London’s negative-free photo show
Michael Hoppen Contemporary shows how today's photographers are looking back to yesterday's techniques
At the moment, we create so many digital photos that it’s a little hard to remember a time when photography was a largely chemical process. Once, most camera film produced a negative image, which then had to be printed onto photographic paper, in order to create a lifelike, positive version of the desired shot.
Yet earlier, nineteenth-century photographic processes were a little more rudimentary. Then the daguerreotype and other techniques used a light-sensitive plate which, when exposed and treated correctly, would degrade to produce a positive image, without the need for a negative. These early images were fragile and difficult to reproduce, and were soon superseded when, in 1835, William Henry Fox Talbot invented the photographic negative.
Nevertheless, simple, negative-free photography has never been wholly abandoned, and, in recent years, some photographers have revived the practice, as a new exhibition at London’s Michael Hoppen Contemporary demonstrates.
Negativeless draws together a selection of recent works created by practitioners who skip the negative-to-positive stage, using a combination of antique processes and modern know-how. The British photographer Richard Learoyd employs a camera obscura in conjunction with strobe lighting, high-quality lenses and Ilfochrome paper which, like the old daguerreotype, forms a positive image when exposed to light. Despite this mix of old and new techniques, Learoyd’s sharp, nearly grain-free images, possess a remarkably vivid, contemporary quality.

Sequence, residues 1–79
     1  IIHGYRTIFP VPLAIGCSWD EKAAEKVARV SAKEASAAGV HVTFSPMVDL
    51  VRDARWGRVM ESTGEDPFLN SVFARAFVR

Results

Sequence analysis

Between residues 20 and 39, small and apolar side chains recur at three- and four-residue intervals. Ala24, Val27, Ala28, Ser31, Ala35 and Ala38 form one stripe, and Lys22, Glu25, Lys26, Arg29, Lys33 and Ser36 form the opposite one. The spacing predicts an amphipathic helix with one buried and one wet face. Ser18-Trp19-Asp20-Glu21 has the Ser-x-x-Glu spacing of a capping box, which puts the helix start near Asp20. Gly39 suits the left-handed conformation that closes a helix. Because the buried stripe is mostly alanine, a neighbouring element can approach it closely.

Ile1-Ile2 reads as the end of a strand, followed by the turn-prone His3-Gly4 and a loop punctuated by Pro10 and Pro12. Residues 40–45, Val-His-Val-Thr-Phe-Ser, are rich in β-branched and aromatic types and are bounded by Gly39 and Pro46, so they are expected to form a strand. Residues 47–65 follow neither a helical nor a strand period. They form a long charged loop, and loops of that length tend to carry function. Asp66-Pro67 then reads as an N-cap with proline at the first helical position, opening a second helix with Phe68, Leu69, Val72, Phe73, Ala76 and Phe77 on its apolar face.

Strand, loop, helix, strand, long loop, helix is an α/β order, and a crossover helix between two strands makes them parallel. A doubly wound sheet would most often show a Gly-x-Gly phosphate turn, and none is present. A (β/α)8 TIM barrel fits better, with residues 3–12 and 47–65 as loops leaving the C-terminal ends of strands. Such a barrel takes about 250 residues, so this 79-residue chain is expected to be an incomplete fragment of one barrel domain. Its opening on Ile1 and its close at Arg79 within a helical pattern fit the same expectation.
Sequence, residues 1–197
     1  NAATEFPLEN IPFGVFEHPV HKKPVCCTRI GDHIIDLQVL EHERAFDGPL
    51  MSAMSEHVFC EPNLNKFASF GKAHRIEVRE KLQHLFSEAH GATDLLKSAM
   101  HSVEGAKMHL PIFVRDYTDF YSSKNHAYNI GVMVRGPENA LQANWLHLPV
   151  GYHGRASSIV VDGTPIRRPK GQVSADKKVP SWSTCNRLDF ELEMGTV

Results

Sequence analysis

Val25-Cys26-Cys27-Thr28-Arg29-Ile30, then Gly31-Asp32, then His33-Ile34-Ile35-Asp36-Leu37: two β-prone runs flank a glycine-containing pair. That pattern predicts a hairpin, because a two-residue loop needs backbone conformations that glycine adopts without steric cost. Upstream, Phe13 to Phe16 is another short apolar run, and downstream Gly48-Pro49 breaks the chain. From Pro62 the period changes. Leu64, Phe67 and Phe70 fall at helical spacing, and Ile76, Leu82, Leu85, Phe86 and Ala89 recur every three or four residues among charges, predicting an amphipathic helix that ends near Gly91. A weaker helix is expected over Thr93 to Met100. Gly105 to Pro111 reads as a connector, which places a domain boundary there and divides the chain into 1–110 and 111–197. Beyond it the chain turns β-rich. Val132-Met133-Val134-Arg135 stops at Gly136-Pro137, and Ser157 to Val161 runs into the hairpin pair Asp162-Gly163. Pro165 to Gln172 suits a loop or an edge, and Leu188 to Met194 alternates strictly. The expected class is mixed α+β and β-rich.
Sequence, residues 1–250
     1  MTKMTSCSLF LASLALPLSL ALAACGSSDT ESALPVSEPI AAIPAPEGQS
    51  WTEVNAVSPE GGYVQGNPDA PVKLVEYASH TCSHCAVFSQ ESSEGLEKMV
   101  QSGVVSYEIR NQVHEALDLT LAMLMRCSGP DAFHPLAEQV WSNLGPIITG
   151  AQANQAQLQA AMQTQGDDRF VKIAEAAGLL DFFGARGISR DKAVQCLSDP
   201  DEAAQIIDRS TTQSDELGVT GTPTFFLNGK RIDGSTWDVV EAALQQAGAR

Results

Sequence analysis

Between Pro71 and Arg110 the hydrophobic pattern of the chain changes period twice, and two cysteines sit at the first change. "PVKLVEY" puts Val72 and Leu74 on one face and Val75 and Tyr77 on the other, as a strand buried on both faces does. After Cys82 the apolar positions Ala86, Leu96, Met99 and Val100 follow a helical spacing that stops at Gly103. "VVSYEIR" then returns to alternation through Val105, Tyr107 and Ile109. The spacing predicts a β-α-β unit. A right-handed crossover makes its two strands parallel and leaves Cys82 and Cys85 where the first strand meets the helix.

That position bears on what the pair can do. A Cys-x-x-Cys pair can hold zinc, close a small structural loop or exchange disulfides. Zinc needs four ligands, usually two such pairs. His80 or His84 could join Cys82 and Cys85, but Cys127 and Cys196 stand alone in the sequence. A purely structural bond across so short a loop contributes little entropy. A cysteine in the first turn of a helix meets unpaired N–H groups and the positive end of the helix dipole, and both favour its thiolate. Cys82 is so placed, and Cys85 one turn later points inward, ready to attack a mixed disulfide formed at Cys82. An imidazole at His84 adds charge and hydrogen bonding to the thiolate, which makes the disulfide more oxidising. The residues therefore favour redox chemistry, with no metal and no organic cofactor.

The British-born, New York-based photographer, Adam Fuss, meanwhile, creates genuine daguerreotypes, selecting suitably gothic subjects for the medium, including snakes, bare mattresses, dead rabbits and vintage dresses. These will sit well with the gallery’s selection of antique, negative-free photographs, which it will show alongside this selection of contemporary works.
While techniques used by Learoyd and Fuss have grown more popular in recent years, they’re unlikely to supplant modern fine-art photography. Nevertheless, each image in the show is, by dint of production techniques, unique and unrepeatable. In an age when even phone cameras come with an easy suite of post-production filters, perhaps Negativeless’s obscure practices expose what has been lost in these technolgoical gains.
For more on the exhibition, which runs from 19 September until 24 October, go here. For a greater understanding of contemporary photography, buy a copy of Photography Today; and for a richer understanding of how the negative changed photography, find out more about the man who invented it in our William Henry Fox Talbot monograph.